Every night we put our kids to bed by doing a little routine. It includes, individually, telling them a paraphrased version of some critical scriptures as well as a prayer. Instead of typing it all out, you can see what I mean here:
Archives For prayer
Today marks the end of a significant part of our family story.
We have shut the door on an incredible season of personal and family growth. And we have opened a new chapter.
On July 3, 2017 we welcomed a little boy into our home as our foster son. Elijah came to us at just the right time. He hit the ground running, growing, learning, and yes, screaming too. And it’s been a big process adjusting to life with three kids and it’s been especially challenging because he came to us at 3-years-old.
Erica and I have always felt called to do for one what we wish we could do for all, through fostering to adopt or fos-adopt. Even before we were married we talked about adoption and always knew it was something we wanted to do down the road. We started seriously looking into it close to two and a half years ago when someone called us out of the blue asking if we would think about adopting their grand-daughter’s baby. That threw us for a loop and forced us to begin having conversations. We determined it wasn’t the right time or situation. But we began a process.
In that process, even before we welcome Elijah to our home, there were plenty of ups and downs. We were “submitted” for a lot of kids. But we were never chosen. We were praying fo the right child, at the right time, for the right reasons and God did not disappoint. When we were brought to a “disclosure” meeting with the county of Fresno department of social services, we were handed a huge redacted packet of Eli’s history. We asked questions and we were presented with all of the data. And then we had to leave and think and pray about it.
The next day our social worker called us and said, “So, what do you think?” All I could say was, “I’m running out of excuses. Let’s do it.” And I don’t regret any of it.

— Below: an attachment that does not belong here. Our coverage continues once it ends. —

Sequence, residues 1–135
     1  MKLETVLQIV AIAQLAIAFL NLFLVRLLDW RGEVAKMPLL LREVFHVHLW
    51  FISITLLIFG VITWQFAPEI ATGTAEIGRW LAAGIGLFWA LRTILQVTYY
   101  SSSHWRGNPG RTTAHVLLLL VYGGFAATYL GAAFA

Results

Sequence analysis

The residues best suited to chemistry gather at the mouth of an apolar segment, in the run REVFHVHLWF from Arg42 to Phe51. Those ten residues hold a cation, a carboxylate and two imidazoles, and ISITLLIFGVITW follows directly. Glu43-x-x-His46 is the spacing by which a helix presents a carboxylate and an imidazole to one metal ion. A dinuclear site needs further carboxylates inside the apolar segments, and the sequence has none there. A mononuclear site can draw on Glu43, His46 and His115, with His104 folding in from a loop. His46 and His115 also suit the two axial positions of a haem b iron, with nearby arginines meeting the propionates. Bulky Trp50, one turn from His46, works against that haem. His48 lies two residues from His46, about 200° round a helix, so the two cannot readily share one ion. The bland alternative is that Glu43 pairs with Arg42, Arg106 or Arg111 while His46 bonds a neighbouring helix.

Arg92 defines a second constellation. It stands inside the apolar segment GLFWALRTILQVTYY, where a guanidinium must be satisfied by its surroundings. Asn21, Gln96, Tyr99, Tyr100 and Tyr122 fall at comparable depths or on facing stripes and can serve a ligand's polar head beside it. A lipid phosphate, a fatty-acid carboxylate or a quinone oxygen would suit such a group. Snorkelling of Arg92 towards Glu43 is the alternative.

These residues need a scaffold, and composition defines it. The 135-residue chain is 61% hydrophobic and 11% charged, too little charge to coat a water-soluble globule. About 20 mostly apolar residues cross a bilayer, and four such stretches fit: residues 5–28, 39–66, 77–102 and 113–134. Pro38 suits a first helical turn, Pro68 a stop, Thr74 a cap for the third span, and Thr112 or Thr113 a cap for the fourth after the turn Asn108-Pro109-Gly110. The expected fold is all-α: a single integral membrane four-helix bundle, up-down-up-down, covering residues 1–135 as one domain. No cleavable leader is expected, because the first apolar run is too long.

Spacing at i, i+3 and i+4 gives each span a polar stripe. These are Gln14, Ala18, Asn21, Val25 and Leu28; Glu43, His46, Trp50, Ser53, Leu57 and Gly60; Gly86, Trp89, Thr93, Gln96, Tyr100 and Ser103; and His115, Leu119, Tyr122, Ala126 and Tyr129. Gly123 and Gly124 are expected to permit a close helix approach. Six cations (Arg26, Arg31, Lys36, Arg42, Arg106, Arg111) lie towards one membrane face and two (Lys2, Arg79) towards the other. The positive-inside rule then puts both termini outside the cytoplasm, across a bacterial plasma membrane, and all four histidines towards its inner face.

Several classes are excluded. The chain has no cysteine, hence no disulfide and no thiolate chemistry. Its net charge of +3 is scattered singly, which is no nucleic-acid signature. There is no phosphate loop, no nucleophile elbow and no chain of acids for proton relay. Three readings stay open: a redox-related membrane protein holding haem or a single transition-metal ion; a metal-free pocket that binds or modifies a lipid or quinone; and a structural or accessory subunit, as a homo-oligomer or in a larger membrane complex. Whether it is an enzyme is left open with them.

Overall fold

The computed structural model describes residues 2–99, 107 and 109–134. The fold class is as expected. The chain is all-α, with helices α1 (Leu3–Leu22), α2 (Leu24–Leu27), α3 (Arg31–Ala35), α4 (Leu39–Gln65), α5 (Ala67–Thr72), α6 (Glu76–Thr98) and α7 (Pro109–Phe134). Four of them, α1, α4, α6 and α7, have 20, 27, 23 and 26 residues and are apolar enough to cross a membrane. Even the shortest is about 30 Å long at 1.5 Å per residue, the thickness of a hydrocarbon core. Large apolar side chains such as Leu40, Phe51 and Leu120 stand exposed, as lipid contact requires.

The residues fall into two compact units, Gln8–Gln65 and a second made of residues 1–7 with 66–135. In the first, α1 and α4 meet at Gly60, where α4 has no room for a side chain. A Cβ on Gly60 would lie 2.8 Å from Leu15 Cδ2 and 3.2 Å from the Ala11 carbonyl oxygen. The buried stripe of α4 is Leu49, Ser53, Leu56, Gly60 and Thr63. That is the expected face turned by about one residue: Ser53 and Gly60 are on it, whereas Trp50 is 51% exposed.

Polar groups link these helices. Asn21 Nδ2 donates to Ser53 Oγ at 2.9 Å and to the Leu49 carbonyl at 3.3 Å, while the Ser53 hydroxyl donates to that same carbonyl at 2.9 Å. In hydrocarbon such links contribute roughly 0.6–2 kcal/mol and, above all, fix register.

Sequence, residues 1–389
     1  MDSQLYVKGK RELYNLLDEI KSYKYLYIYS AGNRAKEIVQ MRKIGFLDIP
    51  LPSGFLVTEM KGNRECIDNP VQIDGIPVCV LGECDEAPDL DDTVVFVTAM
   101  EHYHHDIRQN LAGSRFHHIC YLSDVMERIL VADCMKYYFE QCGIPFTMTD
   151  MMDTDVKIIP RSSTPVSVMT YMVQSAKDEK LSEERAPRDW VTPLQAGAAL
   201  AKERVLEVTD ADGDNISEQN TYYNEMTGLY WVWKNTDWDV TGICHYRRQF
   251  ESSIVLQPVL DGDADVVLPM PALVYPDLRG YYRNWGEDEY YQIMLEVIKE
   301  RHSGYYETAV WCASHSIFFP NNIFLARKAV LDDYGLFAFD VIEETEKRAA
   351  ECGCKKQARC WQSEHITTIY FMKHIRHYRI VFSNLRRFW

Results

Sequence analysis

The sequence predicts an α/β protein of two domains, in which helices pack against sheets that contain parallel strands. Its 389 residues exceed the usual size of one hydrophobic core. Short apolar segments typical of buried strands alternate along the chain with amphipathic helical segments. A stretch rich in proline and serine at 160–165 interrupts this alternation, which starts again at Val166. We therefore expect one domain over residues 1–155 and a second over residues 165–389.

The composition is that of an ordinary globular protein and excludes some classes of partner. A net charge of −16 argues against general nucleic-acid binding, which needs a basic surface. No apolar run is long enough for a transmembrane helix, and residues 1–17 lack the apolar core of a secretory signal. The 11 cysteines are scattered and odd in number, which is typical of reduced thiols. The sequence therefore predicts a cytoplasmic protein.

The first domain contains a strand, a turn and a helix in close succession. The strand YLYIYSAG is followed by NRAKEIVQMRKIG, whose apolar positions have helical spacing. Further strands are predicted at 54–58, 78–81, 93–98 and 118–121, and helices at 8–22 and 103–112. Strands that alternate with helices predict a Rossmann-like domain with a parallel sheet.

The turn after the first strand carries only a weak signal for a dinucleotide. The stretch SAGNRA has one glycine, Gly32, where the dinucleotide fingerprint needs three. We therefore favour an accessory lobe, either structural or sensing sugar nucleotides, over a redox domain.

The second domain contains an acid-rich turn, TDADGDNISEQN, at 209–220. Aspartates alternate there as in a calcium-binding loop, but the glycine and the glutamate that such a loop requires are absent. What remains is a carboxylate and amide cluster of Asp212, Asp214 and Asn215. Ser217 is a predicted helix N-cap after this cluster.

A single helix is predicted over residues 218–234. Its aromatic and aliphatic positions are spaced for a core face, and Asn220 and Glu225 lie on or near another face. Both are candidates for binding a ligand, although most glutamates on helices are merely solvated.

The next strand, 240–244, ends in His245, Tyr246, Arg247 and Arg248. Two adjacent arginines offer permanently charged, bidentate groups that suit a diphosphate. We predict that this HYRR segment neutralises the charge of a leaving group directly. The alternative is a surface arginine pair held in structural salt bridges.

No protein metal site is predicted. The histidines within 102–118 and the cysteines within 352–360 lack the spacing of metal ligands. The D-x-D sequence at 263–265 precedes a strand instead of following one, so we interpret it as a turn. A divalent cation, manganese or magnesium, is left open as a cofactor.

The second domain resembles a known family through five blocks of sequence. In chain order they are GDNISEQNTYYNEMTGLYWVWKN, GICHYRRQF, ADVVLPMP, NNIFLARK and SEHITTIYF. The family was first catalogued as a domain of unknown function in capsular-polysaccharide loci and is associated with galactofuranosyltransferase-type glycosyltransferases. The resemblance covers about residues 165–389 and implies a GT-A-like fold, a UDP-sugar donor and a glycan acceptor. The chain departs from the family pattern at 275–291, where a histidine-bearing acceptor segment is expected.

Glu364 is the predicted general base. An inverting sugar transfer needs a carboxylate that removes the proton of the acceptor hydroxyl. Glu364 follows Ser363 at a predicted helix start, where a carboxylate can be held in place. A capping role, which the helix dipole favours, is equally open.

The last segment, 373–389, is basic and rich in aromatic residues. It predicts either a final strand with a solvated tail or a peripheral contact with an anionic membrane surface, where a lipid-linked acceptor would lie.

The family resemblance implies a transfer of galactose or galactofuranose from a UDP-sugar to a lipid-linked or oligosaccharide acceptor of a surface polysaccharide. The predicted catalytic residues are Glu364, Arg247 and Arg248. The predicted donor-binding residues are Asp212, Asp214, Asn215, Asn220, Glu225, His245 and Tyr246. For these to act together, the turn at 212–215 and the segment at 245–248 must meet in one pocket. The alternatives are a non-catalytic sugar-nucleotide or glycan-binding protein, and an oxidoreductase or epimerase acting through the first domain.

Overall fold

Today marks the end of that process.
Today, February 23, 2018, we went from fostering Elijah to welcoming him as our newest Foster. If you track with our social accounts, you’ve missed a lot of what’s been happening because we could only post certain things and we couldn’t show his face. But now, as Elijah James Foster, and our son, we can show his face.
I’d like to invite you to enjoy this montage video of some highlights from the last 7 and a half months.
Our experience with Elijah has revealed to me, even more, the depth of God’s love for us. I can’t wait to share some of those things with you. Stay tuned.
It’s been one year since we launched Two Cities Church into every week Sunday services. We had been networking, fundraising, and praying for what seemed like forever. It took us 6 years of waiting, praying, seeking, listening, learning and dreaming, plus two years of ground work, to get to our launch day. We were filled with expectation, curiosity, and nerves on that day. I remember being a ball of nerves. I don’t get nervous, but on that day I was. We launched with a vision message that we called #WeAreTwoCities. One year later, we took a look back and celebrated what God has done. [You can listen to that here or on our iPhone app.]
These photos were from our One Year Anniversary after party. See more Photo Booth pictures from our One Year Anniversary here.
After one year, a lot of heartache, ups and downs, changes in our team, changes in the faces that volunteer and attend and more… I continue to say, “It’s Worth it.” It being church planting that is FOR our community and the people in our community. But here’s the thing, it’s worth it because Jesus said with his actions, “You are worth it.” When he spoke to people the religious leaders avoided and he forgave people who didn’t deserve forgiveness and he taught and healed and loved… he communicated that each person, each individual is worth it all. And ultimately, when he died a gruesome and embarrassing death, he did that to pay for the sins of each “worth it” person. You and me.
When I say, “It’s worth it” — it’s worth it because of the stories depicted in the video below, and many more untold stories that have arisen within our community at Two Cities Church.
I know I’m right where God wants me and I can’t wait to see what he does in and through Two Cities Church in our second year.
When we started Two Cities Church, we literally thought to ourselves, “What would a church that (insert name here) would go to look like?” Jamie Medeiros was one of those names. Erica and I have known her for many years now and we’ve never stopped praying her and her family. At one point she told me, “I hate that $%#&*#$* bible.” And now she proclaims Jesus. I am blown away at how God has worked in her life. Now because of the faith she has in Jesus and because her and her son Jack come every week, her son is now telling others that Jesus loves them.
In her story, you’ll notice the many different people played a role in Jamie’s story. One of my favorite quotes is from one of those people and reads, “You are his princess and I love you.”
Imagine how differently our lives might be, if we honestly knew and lived as if this was true.
If you’re looking for a place…